Embodiments of each of the plurality of transfer function circuits may be constructed having a transconductance amplifier. The transconductance amplifier is constructed to provide differential currents I1 and I2 from an input current Iin and to combine the differential currents to provide an output in accordance with a transfer function. In such embodiments each of the plurality of derivative circuits may have a circuit constructed to generate a biased I1 and a biased I2, combine the biased I1 and biased I2, and provide an output in accordance with the derivative of the transfer function. In a preferred embodiment, in order to provide the derivative of the transfer function from the biasing and combining circuits and the transconductance amplifier outputs, each of the plurality of derivative circuits has a subtraction circuit.
A preferred method of the present invention is performed by creating a plurality of synaptic weights by storing charge on a plurality of capacitive circuits and generating a plurality of neuron outputs in accordance with a transfer function. The outputs are generated from the plurality of weights using a plurality of transfer function circuits. The derivative of each of the plurality of neuron outputs is generated using a plurality of derivative circuits each coupled to one of the plurality of transfer function circuits. A neural network is trained using a plurality of delta weights which are generated using the plurality of transfer function derivatives.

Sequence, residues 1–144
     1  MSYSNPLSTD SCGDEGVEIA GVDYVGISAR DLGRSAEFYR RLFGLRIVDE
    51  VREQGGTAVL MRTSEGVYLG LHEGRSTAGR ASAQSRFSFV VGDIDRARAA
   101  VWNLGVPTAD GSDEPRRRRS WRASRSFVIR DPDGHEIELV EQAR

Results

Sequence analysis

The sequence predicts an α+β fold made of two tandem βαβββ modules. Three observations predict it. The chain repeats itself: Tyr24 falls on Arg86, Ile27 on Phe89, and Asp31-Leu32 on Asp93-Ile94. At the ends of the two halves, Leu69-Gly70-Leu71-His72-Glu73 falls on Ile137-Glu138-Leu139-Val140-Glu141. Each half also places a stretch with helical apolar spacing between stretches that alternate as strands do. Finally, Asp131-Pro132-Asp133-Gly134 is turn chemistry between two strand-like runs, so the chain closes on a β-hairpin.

Furthermore, in a preferred method, a plurality of synaptic weights are established by storing charge on a plurality of capacitive circuits using a training network having a plurality of neurons each capable of providing outputs in accordance with a transfer function. The plurality of weights are shared with a validating network having a second plurality of neurons each capable of providing outputs in accordance with the transfer function. With this method cross-validation testing or validation testing may be performed using the validation network. Also with this method, training the neural network and performing the at least one of cross-validation testing or the validating testing may be performed simultaneously.
Such an approach eliminates the need for digital refresh circuitry and allows the advantages of speed, simplicity, and accuracy provided by analog storage to be exploited.
FIG. 1 is a functional block diagram of a preferred embodiment in accordance with the present invention.
FIG. 2 is a flow diagram of a preferred method in accordance with the present invention.
FIG. 3 illustrates weights and neuron coupling in accordance with a preferred embodiment of the present invention.
FIG. 4 is a schematic diagram of a neuron and derivative circuit in accordance with a preferred embodiment of the present invention.
FIG. 5A is empirical data of the transfer function generated by embodiments of the present invention.
FIG. 5B shows an ideal derivative of the transfer functions of FIG. 5A with respect to the input signals.
FIG. 5C shows simulation data of the derivative of the transfer functions of FIG. 5A of the derivative circuit of FIG. 4.